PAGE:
Movie Review: Interstellar

Posted: November 12, 2014 in Film
Tags: , , ,

I know it has been a while since my last post. A mixture of post-Halloween depression, busy work life, and a wonderful plethora of auditions has kept me away from my duties to all of you wonderful people reading the words I write! But never fear. The next few days, as long as I have the time, I hope to catch up on a few reviews and random blog posts. And I might as well start with this one…

Last weekend I saw Chris Nolan’s new film, Interstellar, a film I have anxiously been awaiting since first hearing about. Chris Nolan is a straight up blessing to modern cinema and I knew that this film would only secure that notion even more so. But even I, after watching the film, sat there in the theatre stunned at just how amazing this movie really was. If you follow film culture at all, your news feed the past week has probably been blowing up with posts of how stellar Interstellar is. Right off the bat I will tell you, it is good. It’s a masterpiece of cinema, plain and simple. That isn’t to say that it doesn’t have faults, which I will address. The movie is set in the not to distant future where the world had literally gone “ashes to ashes; dust to dust.’

Matthew McConaughey plays Cooper, who is an ex NASA pilot and currently a farmer who is trying to keep his fields alive. But the world is dieing, as are the crops. And pretty soon Earth will not be able to really sustain life due to the conditions. So NASA comes up with a backup plan (actually two,) so save the human race. We have to find another world, and the only way to do that is to leave ours. So Cooper, along with a few others are enlisted to embark on an interstellar mission to another galaxy to look for new, habitable worlds. The cost? Leaving family and loved ones behind, and possibly even not completing the mission before the human race dies.

The story is a lot, I replete,  A LOT more complex in all actuality than what I just outlined. But that is the “general” story line of the film. But it goes really deep into physics, space travel, the “human footprint,” and a lot more. It’s a beautiful, complicated, generally well crafted story handled in classic Nolan fashion.

The acting, across the board, was amazing. Especially from McConaughey. Coming from someone who loves his performance in Dallas Byers’ Club, I actually think that his performance in Interstellar is his best one to date. The video logs scenes alone should be reason enough to solidify this. They are heart breaking, and he is 100% committed in those scenes to making us feel the same kind of anguish he does. I’ve always liked McConaughey as an actor, and I’m glad that people are finally realizing and appreciating his potential.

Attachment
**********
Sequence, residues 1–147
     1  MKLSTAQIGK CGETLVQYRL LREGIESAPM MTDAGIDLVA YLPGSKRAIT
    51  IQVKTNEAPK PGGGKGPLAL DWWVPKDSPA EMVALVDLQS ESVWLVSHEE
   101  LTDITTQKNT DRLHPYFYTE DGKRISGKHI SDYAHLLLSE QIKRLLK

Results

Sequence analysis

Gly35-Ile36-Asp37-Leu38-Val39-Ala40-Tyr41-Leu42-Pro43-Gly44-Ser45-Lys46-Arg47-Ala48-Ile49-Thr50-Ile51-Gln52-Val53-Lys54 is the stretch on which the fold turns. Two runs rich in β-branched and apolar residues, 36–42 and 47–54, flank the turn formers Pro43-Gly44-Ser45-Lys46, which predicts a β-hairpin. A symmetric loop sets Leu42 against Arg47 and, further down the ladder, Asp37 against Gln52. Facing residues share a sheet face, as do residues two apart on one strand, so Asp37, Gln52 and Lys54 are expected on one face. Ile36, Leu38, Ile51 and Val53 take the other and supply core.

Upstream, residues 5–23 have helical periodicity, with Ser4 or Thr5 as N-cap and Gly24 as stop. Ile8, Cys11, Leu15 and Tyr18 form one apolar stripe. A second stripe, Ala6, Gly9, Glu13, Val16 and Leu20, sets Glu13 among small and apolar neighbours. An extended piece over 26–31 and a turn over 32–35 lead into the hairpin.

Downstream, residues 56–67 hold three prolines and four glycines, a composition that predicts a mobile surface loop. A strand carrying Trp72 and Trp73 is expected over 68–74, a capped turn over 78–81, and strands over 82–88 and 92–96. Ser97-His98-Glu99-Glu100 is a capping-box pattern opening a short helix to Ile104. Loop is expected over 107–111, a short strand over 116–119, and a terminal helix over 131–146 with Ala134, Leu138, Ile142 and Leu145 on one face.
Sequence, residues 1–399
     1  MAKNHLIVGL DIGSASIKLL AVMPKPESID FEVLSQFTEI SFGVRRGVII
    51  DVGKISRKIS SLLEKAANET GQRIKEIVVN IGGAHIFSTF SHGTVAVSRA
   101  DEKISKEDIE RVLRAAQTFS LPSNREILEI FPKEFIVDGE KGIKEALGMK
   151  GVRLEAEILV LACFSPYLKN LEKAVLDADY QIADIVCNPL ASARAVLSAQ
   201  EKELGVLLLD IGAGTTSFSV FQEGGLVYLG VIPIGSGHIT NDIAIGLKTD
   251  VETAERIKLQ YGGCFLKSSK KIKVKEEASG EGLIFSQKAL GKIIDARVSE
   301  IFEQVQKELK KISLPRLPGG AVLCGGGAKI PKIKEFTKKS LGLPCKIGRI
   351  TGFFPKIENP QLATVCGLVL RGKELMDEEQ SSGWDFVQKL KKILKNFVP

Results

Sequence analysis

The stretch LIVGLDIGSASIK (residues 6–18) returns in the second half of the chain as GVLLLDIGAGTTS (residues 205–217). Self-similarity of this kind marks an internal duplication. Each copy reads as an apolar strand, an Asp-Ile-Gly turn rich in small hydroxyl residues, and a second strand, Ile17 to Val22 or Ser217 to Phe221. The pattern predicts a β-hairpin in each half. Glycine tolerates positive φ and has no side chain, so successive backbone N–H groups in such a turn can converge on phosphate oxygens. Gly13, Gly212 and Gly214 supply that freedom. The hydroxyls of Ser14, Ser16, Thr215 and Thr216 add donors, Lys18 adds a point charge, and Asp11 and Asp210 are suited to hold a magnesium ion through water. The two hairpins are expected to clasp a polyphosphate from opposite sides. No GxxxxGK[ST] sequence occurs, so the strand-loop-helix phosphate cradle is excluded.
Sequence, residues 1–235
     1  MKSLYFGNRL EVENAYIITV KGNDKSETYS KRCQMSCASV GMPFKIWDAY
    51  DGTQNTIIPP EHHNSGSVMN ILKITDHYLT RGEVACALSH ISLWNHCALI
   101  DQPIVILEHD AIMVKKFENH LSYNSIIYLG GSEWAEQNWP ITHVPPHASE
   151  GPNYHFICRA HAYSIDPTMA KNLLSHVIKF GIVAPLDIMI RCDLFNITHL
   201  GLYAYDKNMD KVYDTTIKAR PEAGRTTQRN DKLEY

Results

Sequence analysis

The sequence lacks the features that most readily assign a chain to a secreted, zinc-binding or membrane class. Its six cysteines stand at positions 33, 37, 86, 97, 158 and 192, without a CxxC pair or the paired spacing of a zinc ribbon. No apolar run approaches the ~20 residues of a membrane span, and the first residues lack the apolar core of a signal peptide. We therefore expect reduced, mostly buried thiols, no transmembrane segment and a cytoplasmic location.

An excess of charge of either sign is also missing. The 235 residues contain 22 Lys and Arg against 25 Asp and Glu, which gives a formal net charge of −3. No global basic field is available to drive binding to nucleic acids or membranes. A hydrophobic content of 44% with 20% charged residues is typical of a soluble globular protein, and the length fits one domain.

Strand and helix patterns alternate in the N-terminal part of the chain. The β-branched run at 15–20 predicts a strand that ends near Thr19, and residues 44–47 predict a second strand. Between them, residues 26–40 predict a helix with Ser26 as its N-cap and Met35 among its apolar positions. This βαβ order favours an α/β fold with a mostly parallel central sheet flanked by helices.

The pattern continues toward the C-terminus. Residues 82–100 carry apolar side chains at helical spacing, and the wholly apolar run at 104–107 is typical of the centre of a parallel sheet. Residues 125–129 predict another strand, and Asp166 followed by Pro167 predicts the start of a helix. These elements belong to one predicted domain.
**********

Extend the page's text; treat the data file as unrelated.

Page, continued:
Murph is arguably the main focus of the film, possibly only second to Cooper. I mean, she is “what it’s all about” (see the film, because I won’t be clarifying otherwise.) And all actresses playing this character, at various stages of her life, do an amazing job. First you have Murph at 10, played by Mackenzie Foy. Foy plays the character sincerely and with great depth. Not only does her intelligence and wits come out, but her emotion and feelings are strong. The 30’s-ish Murph is played by Jessica Chastain. She subtly plays that “clinging to anger” emotion while also holding on to hope that not only will she see her father again but can save the world as well. Anne Hathaway shines as Brand, and Michael Cain does a great job as her aging father who keeps a pretty dark secret. The list of other supporting characters goes on an on, and each one of them adds a different trait and emotional weight to the film. When they die, or perish in some way it’s felt who heatedly and Nolan captures that loss  in the movie.

Visually, this is Nolan’s best film. The locals are breathtaking, and sets are wonderful. Nolan has always been a “practical” effects and locations director and boy I love that. It adds a real grounded and real-life feel to the movie since a majority of the locations were indeed real. I’d so much rather see real locations and effects rather than CG. And what CG there was (because, well, it’s a space travel/inter dimensional travel sci-fi film, so there is obviously going to be some) is done really well. It all blends together seamlessly in the movie, and nothing ever flashes out to the viewer as fake or unreal unless it is done on propose (I.E- the inner workings of the black hole/ inter dimensional world.)

Now, Christopher Nolan is obviously a director who acknowledges, appreciates, and honors the history and art of film making. He understands “the magic”  of seeing movies, and what makes a good movie and a good film going experience. This is both Nolan’s blessing and curse. While it is assured that Nolan’s work will be quality and amazing, it also means that perhaps thing’s get messy and rushed towards the end. My theory as to why- Nolan never wants his movies to end. His pacing is perfect, generally, for the first two-thirds of his films. It’s full of twists, and turns, and emotions, until we get to the final act and it feels like he realizes “Crap, I have to actually end/finish the movie.” The third act then feels slightly rushed to end, and while it’s satisfying you get the sense that it isn’t on the same level as the rest of the film. Now, this is more evident in some of Nolan’s work than others, but it’s almost evident in all of his films I feel- especially Interstellar. The whole film is fairly evenly paced, and well explained until the final portion which then brushes over a lot of details and questions. Don’t get me wrong, the ending is great and moving but it still feels hurried. I know Nolan isn’t a fan of director’s cuts but I feel like this film deserves to go just that tad bit longer to explain things more clearly and concisely rather than leaving it a slightly convoluted rush.